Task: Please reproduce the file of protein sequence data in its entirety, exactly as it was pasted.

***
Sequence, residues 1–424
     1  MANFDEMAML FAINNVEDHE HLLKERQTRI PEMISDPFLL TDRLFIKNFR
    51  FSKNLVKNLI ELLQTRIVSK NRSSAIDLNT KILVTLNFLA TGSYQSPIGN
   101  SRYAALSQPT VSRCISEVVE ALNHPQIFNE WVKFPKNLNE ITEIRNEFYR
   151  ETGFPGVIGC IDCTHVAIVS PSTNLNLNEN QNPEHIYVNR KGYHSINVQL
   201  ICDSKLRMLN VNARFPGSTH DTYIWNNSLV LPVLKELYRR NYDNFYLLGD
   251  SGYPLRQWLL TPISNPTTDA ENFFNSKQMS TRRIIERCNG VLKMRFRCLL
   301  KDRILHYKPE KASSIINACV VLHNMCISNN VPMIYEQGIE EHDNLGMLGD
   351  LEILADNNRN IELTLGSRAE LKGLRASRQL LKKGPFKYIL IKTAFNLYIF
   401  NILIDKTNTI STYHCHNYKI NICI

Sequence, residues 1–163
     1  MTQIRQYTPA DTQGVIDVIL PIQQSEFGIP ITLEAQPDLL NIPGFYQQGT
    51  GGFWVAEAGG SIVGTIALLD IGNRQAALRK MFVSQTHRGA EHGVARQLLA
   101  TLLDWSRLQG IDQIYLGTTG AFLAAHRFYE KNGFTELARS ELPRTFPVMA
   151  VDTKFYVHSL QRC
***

Sequence, residues 1–424
     1  MANFDEMAML FAINNVEDHE HLLKERQTRI PEMISDPFLL TDRLFIKNFR
    51  FSKNLVKNLI ELLQTRIVSK NRSSAIDLNT KILVTLNFLA TGSYQSPIGN
   101  SRYAALSQPT VSRCISEVVE ALNHPQIFNE WVKFPKNLNE ITEIRNEFYR
   151  ETGFPGVIGC IDCTHVAIVS PSTNLNLNEN QNPEHIYVNR KGYHSINVQL
   201  ICDSKLRMLN VNARFPGSTH DTYIWNNSLV LPVLKELYRR NYDNFYLLGD
   251  SGYPLRQWLL TPISNPTTDA ENFFNSKQMS TRRIIERCNG VLKMRFRCLL
   301  KDRILHYKPE KASSIINACV VLHNMCISNN VPMIYEQGIE EHDNLGMLGD
   351  LEILADNNRN IELTLGSRAE LKGLRASRQL LKKGPFKYIL IKTAFNLYIF
   401  NILIDKTNTI STYHCHNYKI NICI

Sequence, residues 1–163
     1  MTQIRQYTPA DTQGVIDVIL PIQQSEFGIP ITLEAQPDLL NIPGFYQQGT
    51  GGFWVAEAGG SIVGTIALLD IGNRQAALRK MFVSQTHRGA EHGVARQLLA
   101  TLLDWSRLQG IDQIYLGTTG AFLAAHRFYE KNGFTELARS ELPRTFPVMA
   151  VDTKFYVHSL QRC